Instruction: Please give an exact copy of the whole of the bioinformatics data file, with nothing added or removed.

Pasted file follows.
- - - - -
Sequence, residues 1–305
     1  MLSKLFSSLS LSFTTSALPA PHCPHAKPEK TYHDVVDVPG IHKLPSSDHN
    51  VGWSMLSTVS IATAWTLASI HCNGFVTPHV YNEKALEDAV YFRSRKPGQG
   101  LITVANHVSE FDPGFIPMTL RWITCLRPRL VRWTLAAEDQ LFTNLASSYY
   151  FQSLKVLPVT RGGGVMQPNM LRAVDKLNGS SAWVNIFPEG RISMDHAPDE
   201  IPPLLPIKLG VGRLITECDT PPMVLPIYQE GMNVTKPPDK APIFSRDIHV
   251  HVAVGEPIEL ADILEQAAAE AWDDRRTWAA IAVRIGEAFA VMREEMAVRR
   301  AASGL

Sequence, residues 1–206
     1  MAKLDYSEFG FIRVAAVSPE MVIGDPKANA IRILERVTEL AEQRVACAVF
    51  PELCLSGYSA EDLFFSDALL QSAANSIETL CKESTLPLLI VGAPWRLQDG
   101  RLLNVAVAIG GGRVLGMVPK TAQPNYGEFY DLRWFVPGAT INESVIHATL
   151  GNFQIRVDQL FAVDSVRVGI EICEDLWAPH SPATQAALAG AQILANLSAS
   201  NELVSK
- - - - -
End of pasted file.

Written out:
Sequence, residues 1–305
     1  MLSKLFSSLS LSFTTSALPA PHCPHAKPEK TYHDVVDVPG IHKLPSSDHN
    51  VGWSMLSTVS IATAWTLASI HCNGFVTPHV YNEKALEDAV YFRSRKPGQG
   101  LITVANHVSE FDPGFIPMTL RWITCLRPRL VRWTLAAEDQ LFTNLASSYY
   151  FQSLKVLPVT RGGGVMQPNM LRAVDKLNGS SAWVNIFPEG RISMDHAPDE
   201  IPPLLPIKLG VGRLITECDT PPMVLPIYQE GMNVTKPPDK APIFSRDIHV
   251  HVAVGEPIEL ADILEQAAAE AWDDRRTWAA IAVRIGEAFA VMREEMAVRR
   301  AASGL

Sequence, residues 1–206
     1  MAKLDYSEFG FIRVAAVSPE MVIGDPKANA IRILERVTEL AEQRVACAVF
    51  PELCLSGYSA EDLFFSDALL QSAANSIETL CKESTLPLLI VGAPWRLQDG
   101  RLLNVAVAIG GGRVLGMVPK TAQPNYGEFY DLRWFVPGAT INESVIHATL
   151  GNFQIRVDQL FAVDSVRVGI EICEDLWAPH SPATQAALAG AQILANLSAS
   201  NELVSK